Weight loss tips for people with diabetes

10 September 2013

weight-loss-tips-for-people-with-diabetesAround 90 per cent of people diagnosed with type 2 diabetes are overweight, says Diabetes UK – but did you know that shedding a few pounds can lower your risk of developing the condition and even improve your symptoms.

According to Diabetes UK, around three million people in the UK are living with a diabetes diagnosis, and an estimated 850,000 have diabetes type 2 and do not realise it.

Losing weight is the most important step to take to reduce your risk of developing type 2 diabetes and Paul McArdle, chair of the British Dietetic Association’s specialist diabetes group, says 60 to 90 per cent of type 2 diabetics may not have developed symptoms had they not been overweight.

‘There’s some evidence that you can even temporarily reverse your symptoms if you lose a significant  amount of weight – about 15 per cent of your body weight. Obviously, you still technically have type 2 diabetes and symptoms can reappear, especially if you regain this weight.

‘Weight loss will, however, slow down the progression of diabetes and the development of complications including eventually needing insulin,’ he adds.

How can people with diabetes lose weight?

Libby Dowling, clinical adviser with Diabetes UK, says the charity recommends people with diabetes eat a diet low in saturated fat, salt and sugar, with at least five portions a day of fruit and vegetables – cutting portion sizes and calories to lose weight.

‘We’ve moved away from saying that all meals for people with diabetes should be based  around starchy carbohydrates – nowadays we just say they should be included in your diet,’ explained Libby.

But Libby emphasises that however healthy your diet, you still need to reduce calories and portion size to lose weight.

‘One thing we definitely recommend after your diagnosis is ask for a referral to a registered dietitian to get information about eating healthily,’ says Libby.

‘We don’t recommend eating “diabetic foods” such as diabetic chocolate or marmalade. These can still raise your blood glucose, be high in fat, have a laxative effect and are expensive.’

What else can be done?

Other tips include:

  • Eating three meals a day. This helps control appetite and keep blood sugar levels stable.
  • Limiting sugar and sugary foods. Instead of avoiding sugar completely, use it in moderation – swap sugary drinks for sugar-free diet versions or use artificial sweeteners in drinks.
  • Drinking alcohol in moderation. Wine and beer are high in “empty” calories, so cut back on alcohol.
  • Aiming for at least two portions of oily fish a week. These include mackerel, salmon, sardine and pilchards .They contain a polyunsaturated fat, omega 3, which helps protect against heart disease.
  • Choosing carbohydrates with a lower glycaemic index. These are slowly absorbed so won’t affect your blood glucose as much and help you feel fuller for longer. Foods to look for include granary, pumpernickel and rye, new potatoes, sweet potatoes, yam, porridge oats and natural muesli.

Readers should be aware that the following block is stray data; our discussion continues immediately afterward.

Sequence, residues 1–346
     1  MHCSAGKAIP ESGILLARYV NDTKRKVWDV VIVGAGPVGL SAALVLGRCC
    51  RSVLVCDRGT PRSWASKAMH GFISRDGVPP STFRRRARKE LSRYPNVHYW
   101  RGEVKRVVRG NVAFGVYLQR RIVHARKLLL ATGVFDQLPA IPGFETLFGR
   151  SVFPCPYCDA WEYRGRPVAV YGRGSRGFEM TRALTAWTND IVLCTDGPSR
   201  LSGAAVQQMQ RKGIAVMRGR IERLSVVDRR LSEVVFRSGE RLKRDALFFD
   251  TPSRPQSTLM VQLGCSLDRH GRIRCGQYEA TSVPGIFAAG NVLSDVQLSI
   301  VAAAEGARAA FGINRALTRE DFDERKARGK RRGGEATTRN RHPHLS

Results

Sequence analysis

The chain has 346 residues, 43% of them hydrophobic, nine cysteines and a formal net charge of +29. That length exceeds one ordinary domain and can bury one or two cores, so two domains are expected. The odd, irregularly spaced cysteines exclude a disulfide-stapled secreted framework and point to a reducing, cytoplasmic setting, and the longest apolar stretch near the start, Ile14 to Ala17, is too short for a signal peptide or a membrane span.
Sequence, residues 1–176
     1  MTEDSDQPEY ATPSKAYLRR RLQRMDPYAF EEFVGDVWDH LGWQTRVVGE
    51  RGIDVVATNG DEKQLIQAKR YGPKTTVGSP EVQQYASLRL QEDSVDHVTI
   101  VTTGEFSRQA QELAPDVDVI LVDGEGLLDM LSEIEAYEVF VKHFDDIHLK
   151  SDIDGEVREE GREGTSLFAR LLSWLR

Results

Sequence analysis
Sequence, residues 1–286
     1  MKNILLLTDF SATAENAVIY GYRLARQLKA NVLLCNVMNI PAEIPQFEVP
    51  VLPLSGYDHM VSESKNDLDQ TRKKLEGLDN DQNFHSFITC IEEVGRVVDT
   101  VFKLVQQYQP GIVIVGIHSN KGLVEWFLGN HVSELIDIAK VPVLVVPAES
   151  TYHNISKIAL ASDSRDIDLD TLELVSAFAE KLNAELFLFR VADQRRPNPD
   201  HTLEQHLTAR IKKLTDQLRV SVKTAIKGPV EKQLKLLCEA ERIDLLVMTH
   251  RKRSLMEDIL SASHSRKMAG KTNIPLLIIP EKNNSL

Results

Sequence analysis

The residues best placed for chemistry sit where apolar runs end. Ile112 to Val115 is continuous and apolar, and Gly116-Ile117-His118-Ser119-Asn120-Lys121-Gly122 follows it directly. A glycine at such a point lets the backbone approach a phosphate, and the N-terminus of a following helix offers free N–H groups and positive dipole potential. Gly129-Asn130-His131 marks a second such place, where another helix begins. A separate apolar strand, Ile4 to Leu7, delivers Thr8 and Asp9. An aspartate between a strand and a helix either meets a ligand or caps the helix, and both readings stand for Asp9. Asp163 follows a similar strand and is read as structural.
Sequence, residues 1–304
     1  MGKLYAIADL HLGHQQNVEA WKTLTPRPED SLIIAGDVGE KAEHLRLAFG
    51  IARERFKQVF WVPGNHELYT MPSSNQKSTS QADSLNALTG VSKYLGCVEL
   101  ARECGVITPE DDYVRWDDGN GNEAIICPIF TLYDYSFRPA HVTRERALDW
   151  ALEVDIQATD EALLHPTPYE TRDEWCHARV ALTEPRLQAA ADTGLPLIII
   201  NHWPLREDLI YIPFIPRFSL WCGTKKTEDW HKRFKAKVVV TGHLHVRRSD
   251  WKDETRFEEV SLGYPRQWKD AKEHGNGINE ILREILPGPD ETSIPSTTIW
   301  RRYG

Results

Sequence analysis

Can people with diabetes fast?

Libby says there is anecdotal evidence that some people with diabetes successfully lose weight with fasting diets such as the 5:2 diet, where two days a week an intake of 500 calories a day is encouraged.

‘What we don’t have is concrete evidence or long-term studies about their effectiveness so we can’t recommend it – but we recognise it's an option some people with diabetes may want to try,’ explains Libby.

‘Also it does depend on how your diabetes is controlled – if you are on medication, fasting may lower your blood sugar to too low a level (hypoglycaemia) – so always talk to your doctor or diabetes nurse before starting a fasting regime to check it’s safe for you.’

Does your waist matter?

According to the American Heart Asociation having diabetes increases your chances of developing heart disease and strokes by between two to four times.

Waist measurement is a key indicator of heart health – being fat around your middle or “apple shaped’’ is an indicator of the visceral fat around your organs.

A healthy waist size for all women is 80cm (31.5in) or less. For south Asian men it’s 90cm (35in) or less, and for other men it's 94cm (37in) or less.

Diet trends for people with diabetes 

‘Unfortunately there’s no specific diet that’s especially good for encouraging weight loss around your waist,’ says Paul McArdle.

‘You need to concentrate on cutting calories and portion size, but there is evidence that the Mediterranean diet  – lots of fresh fruit and vegetables, nuts and seeds, not much meat, lots of olive oil, oily fish, less processed foods – is particularly beneficial for diabetics in controlling blood glucose level, controlling cholesterol and weight loss.

‘A review published this year in the American Journal of Clinical Nutrition found both Mediterranean and lower carbohydrate diets led to greater weight loss in diabetes,’ says Paul.